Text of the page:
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Hurry on Down

3.85  ·  Rating Details  ·  87 Ratings  ·  12 Reviews
"A great fund of comic invention." - "Times Literary Supplement"
"Written with great spirit . . . very funny . . . fresh, unhackneyed and excellently observed." - "Listener"
"[A] bustling kaleidoscope of a book, by an author fertile in expedient, keenly observant and occasionally probing the heart of darkness." - "Sunday Times"
Charles Lumley feels that he has been born
Published 1965 by Penguin (first published January 1st 1960)
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This is an enjoyable read, very much in the category of the "angry young man" pose. The 1950's litterati in Britain seemed to have been smoldering with resentment against the established order of things ("the Establishment") -remember the Church Bells in "Look Back in Anger"? -some of them, maybe most of them were considered leftish in their day but when they became older they tended to a Thatcherite disdain for social responsibility. Consistently it seems to me, whether they thought of themselv ...more
Apr 17, 2011 Karyn rated it really liked it  ·  review of another edition
The ideas expressed here are creative and amusing, but they are also bitter, and perhaps it explains why John Wain is often included as one of the novelists referred to as the Angry Young Men of the post-war period. But whatever bitterness his character feels, it is not projected outwards; he doesn't retaliate against Society. He simply looks out into the world and recognises that he doesn't share the aspirations of the class into which he has been born. He doesn't see a place for someone who th ...more
Evan Knudsen
Aug 17, 2011 Evan Knudsen marked it as to-read
"In Charles's breast pocket was a paper packet containing his last cigarette. He took it out carefully, but it had somehow bent, and the paper was broken in the middle. He began to smoke it, holding it so that one finger exactly covered the torn spot, inhaling deeply. The hot storm-centre of alcohol in his stomach rose to meet the smoldering pool of nicotine in his lungs, and, the burden of guilt and fatigue slipping from his shoulders, he breathed a silent prayer of gratitude to the twin deitie ...more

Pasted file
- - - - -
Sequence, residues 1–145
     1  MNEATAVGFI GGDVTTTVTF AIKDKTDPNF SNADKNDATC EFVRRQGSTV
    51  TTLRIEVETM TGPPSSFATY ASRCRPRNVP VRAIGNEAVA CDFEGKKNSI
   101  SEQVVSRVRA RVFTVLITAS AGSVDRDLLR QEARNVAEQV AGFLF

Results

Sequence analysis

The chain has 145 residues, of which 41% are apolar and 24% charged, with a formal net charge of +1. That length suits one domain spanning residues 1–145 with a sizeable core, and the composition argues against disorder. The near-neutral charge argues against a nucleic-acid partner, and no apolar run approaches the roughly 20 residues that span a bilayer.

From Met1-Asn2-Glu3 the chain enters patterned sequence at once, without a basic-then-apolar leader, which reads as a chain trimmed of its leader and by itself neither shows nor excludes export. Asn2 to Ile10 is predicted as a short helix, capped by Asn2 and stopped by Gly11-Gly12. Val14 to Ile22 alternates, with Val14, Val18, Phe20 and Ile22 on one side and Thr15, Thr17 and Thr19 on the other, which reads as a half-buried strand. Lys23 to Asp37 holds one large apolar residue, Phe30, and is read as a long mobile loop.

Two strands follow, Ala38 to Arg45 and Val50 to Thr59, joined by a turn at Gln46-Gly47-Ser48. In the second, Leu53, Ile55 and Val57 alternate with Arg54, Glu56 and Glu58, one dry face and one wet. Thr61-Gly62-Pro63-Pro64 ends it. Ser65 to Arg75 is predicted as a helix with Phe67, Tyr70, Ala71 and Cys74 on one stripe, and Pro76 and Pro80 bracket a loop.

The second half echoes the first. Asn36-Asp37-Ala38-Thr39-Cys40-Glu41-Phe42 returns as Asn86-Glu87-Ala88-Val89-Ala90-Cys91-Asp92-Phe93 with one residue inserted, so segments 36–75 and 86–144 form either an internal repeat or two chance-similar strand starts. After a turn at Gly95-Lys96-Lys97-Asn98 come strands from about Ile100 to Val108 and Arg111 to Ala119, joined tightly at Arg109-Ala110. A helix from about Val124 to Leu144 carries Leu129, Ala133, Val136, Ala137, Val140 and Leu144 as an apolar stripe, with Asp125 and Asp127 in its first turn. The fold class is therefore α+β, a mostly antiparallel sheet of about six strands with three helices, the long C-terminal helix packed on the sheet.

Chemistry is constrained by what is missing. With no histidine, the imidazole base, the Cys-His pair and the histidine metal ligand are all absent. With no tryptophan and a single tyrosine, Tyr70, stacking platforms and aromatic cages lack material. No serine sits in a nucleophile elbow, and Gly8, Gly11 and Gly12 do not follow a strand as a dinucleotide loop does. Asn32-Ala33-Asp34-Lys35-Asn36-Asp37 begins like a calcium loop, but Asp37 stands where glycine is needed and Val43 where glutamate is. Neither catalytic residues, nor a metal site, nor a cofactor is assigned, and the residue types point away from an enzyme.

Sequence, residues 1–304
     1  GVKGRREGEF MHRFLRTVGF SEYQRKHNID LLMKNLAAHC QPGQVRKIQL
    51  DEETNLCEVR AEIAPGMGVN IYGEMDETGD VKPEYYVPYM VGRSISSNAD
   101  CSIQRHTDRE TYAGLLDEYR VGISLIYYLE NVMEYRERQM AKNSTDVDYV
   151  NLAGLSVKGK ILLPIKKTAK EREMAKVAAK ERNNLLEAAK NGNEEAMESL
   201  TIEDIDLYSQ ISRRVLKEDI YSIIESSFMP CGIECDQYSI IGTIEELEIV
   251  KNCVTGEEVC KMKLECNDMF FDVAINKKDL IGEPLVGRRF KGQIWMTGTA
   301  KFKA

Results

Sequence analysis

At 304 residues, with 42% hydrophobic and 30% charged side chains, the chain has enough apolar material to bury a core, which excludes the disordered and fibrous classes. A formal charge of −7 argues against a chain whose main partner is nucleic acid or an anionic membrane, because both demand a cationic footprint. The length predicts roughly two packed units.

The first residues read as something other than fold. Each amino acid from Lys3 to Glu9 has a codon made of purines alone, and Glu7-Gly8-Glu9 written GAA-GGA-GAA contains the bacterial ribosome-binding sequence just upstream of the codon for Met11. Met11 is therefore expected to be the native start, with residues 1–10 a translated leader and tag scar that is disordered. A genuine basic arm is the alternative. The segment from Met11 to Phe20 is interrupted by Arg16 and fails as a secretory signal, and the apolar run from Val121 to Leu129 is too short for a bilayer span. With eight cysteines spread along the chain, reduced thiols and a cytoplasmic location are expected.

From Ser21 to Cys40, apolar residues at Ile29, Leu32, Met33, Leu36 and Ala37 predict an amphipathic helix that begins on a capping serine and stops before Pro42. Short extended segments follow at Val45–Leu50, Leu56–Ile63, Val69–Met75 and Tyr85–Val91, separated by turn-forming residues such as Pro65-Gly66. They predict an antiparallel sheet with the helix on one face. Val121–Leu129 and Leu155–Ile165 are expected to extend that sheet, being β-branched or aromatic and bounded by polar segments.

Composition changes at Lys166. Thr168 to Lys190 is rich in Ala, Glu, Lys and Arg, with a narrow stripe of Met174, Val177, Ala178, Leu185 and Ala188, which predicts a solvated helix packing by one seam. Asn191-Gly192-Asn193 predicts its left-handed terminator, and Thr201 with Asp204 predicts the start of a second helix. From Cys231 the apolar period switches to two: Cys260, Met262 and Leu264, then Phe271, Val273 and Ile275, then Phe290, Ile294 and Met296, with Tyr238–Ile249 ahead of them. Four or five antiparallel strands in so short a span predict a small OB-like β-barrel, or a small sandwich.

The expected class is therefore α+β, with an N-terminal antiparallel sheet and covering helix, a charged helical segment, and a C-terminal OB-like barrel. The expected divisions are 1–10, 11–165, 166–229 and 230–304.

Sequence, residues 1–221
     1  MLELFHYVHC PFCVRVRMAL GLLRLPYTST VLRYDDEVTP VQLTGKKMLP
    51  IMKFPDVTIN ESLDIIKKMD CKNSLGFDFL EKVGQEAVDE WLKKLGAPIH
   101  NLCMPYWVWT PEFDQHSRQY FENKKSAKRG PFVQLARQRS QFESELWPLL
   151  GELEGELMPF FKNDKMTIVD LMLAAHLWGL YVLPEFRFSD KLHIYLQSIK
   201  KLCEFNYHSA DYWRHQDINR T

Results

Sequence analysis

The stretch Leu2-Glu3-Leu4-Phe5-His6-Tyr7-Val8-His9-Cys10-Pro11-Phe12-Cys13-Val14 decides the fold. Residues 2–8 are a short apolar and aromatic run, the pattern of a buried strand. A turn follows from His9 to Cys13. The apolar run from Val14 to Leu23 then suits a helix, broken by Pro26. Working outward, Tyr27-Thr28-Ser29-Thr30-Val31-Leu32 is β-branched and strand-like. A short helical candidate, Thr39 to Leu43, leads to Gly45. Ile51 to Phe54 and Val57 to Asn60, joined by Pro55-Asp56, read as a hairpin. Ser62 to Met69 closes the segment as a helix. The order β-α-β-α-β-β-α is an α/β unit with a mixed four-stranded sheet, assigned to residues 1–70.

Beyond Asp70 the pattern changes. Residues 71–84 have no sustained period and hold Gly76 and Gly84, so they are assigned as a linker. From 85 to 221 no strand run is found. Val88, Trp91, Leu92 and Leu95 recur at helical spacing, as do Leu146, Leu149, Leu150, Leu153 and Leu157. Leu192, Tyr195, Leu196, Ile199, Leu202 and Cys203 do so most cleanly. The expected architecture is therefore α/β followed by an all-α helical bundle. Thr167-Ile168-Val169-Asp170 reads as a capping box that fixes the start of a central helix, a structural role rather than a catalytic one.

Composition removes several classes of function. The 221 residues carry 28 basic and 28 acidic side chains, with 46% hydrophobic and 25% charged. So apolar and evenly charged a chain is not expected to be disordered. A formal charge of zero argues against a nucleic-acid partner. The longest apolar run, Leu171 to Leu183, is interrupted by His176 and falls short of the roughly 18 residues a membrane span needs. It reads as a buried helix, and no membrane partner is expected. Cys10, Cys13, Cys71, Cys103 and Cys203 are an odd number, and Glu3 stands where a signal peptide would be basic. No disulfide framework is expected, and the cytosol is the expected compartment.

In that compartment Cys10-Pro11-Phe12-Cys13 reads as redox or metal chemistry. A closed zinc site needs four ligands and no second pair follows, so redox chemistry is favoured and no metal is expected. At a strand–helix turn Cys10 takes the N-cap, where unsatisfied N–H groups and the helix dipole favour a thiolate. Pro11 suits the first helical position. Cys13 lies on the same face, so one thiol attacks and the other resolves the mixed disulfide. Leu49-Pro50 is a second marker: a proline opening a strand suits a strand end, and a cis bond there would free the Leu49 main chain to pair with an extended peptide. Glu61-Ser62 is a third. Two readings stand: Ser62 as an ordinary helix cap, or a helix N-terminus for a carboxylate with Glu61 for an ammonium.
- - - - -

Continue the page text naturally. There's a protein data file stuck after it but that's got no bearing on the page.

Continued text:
Jul 20, 2007 Joseph rated it it was amazing
One of the funniest novels of the 1950s, alas is now forgotten. I found a haggard looking paperback in used book store years ago.
Lizzy B
Jan 16, 2011 Lizzy B rated it liked it  ·  review of another edition
Shelves: fiction
Hurry on down proves a colourful mix of social commentary, emotion, random ‘luck’ events and the meandering brain of one taken to making both nothing and everything of a situation. For the most part, the novel has been lucidly strung together, and save for a slow, wordy beginning it is only once in a while that it loses momentum, showing signs of being the authors first major work. Somehow Wain manages to make even the mundane appear interesting or complicated in such a way that I, the reader, c ...more
Gareth Evans
Dec 03, 2015 Gareth Evans rated it really liked it
Written a year before Lucky Jim, it has a similar feel to Amis's rather more coherently-plotted work. The episodic nature of the book is it's weakness. There are some excellent set pieces, but it doesn't engage as well as, say, Luck Jim or Room at the Top. However, it's a well-written and enjoyable slide of 1050s fiction.
Aug 21, 2014 Al rated it it was amazing
Shelves: favorites
I read this today in a ' meet an old friend for comfort ' kind of way. I haven't read it in ages.
It's very dated but still the Angry Young Man shakes his fist from the pages. It is a timeless classic with some utterly beautiful writing.

John Weller
Aug 12, 2009 John Weller rated it liked it
Now you middle-class anti-heroes are getting a bit predictable. Man graduates, turns his back on expected path of employment, renounces money and ambition, finds he doesn't fit in anywhere, nice middle-class job falls in to his lap, gets the girl...

Even though this book has little point or direction I enjoyed it lots even though Charles (had to be called Charles) failed to get beaten up. Could have done with a bit more soul searching and paranoia.
Kathleen Haley
Feb 05, 2012 Kathleen Haley rated it it was amazing
This picaresque novel was so good that when I finished it (last night) I was well-nigh heartbroken. It's hard not to grow so close to the hero (Charles Lumley) that you feel even more suspense, thrill, and despondency than he does as the various twists and turns of the plot unfold. It's side-splittingly funny at some places, crack-up-worthy at others, and always witty.
Jordan Winfield
Jul 05, 2013 Jordan Winfield rated it really liked it
four stars but my copy had no pages between 148 and 167. one minute lumley was being chased by police and then next he was working in a hospital. i filled in the blanks using my expert brain thoughts though.
Feb 01, 2013 Linden rated it really liked it
Enjoyed the author's introduction 25 years after first publication of the book. He describes it as a "youthful firework display" - endearing and enjoyable. I agree!
I read it because he was a contemporary of Kingsley Amis--but more of an Angry Young Man than Amis was.
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John Barrington Wain (14 March 1925 – 24 May 1994) was an English poet, novelist, and critic, associated with the literary group "The Movement". For most of his life, Wain worked as a freelance journalist and author, writing and reviewing for newspapers and the radio.

Wain was born and grew up in Stoke-on-Trent, Staffordshire, the son of a dentist, Arnold Wain, and his wife Annie, née Turner. He ha
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